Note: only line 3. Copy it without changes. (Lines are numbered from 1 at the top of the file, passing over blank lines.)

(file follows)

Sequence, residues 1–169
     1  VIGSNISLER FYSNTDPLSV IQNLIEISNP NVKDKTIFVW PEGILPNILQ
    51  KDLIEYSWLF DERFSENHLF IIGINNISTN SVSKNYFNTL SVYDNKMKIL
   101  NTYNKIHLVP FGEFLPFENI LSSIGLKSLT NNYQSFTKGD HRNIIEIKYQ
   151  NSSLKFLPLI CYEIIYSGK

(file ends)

    51  KDLIEYSWLF DERFSENHLF IIGINNISTN SVSKNYFNTL SVYDNKMKIL